PRICE STATEMENT ON SECRETARY KERRY ISRAEL REMARKS
Washington -- Congressman David E. Price (NC-04) released the following statement responding to Secretary of State John Kerry's remarks regarding the Israeli-Palestinian conflict.
"Secretary of State John Kerry’s address both reaffirmed our nation’s historical commitment to a two-state solution to the Israeli-Palestinian conflict and reflected just how endangered this possibility has become.
"The vision of two states for the Israeli and Palestinian people, living side-by-side in peace and security, has been the foundation of a bipartisan consensus that has guided U.S. policy toward the Middle East for generations. The tenets of this consensus, upheld by broad majorities of Congress and by presidents of both parties, have included support for Israel’s qualitative military advantage, advocacy on Israel’s behalf against biased attacks in international organizations, and support for moderate and effective Palestinian institutions. They have also included the condemnation of actions by either side that diminish the prospects for peace—especially the incitement of violence by Palestinians and illegal settlement activity by Israelis.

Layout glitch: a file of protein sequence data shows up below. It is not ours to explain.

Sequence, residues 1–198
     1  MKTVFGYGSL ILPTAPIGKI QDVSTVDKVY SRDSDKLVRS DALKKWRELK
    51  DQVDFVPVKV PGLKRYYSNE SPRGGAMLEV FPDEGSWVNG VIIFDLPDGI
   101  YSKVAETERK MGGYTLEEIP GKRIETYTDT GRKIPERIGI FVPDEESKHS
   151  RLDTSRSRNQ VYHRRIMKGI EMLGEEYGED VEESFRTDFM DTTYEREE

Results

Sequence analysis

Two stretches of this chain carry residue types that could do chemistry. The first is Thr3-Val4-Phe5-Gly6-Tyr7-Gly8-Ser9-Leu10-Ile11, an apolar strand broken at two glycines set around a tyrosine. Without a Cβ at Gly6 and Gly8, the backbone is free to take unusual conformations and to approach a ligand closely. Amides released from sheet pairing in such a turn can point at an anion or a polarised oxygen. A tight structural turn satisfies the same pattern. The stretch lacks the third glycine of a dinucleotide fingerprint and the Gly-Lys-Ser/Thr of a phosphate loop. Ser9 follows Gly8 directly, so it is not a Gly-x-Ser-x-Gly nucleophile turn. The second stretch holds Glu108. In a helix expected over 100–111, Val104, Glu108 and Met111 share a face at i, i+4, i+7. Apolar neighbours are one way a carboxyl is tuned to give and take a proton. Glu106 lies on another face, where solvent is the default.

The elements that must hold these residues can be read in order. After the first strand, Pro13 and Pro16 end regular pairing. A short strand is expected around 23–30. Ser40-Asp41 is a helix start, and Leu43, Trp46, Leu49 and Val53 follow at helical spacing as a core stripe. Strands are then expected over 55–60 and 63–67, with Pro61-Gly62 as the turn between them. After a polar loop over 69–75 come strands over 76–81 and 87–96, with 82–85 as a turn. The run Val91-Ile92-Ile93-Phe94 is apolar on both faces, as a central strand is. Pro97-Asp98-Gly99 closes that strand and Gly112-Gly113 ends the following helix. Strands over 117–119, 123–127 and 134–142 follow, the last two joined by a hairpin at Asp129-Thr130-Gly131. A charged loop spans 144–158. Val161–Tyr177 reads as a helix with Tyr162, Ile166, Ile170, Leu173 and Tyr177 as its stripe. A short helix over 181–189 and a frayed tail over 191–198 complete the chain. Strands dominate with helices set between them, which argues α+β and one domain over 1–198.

"Yet today the vision of a two-state solution faces an existential threat. This is not an ideological statement but a factual one: with continued settlement construction on the West Bank, the day will soon come when it will be impossible to divide the land between the Mediterranean Sea and the Jordan River into two viable states, and Israel will be forced to choose between its Jewish identity and its democratic character. Leaders of Israel’s political right, joined by some in the United States who claim to be Israel’s most ardent defenders, appear to have given up on the two-state solution already. But majorities of Israelis, Palestinians, and Americans have not, and nor should our nation’s leaders.
"In this context, Secretary Kerry’s speech offered a powerful defense of the bipartisan consensus that has guided U.S. policy for decades. Of course the final terms of a peace agreement must be negotiated directly by Israelis and Palestinians—but that does not preclude the United States, as Israel’s closest friend and ally, from articulating non-binding parameters for what such an agreement could look like. In doing so, the Obama Administration demonstrated the type of international leadership called for in the resolution I coauthored with Rep. John Yarmuth and 62 other colleagues (H. Res. 686), earlier this year.
"As Secretary Kerry emphasized, true friendships require mutual respect and, occasionally, hard truths. His remarks should be a call to action for all who support the vision laid out by Israel’s founders of a democratic state in the homeland of the Jewish people."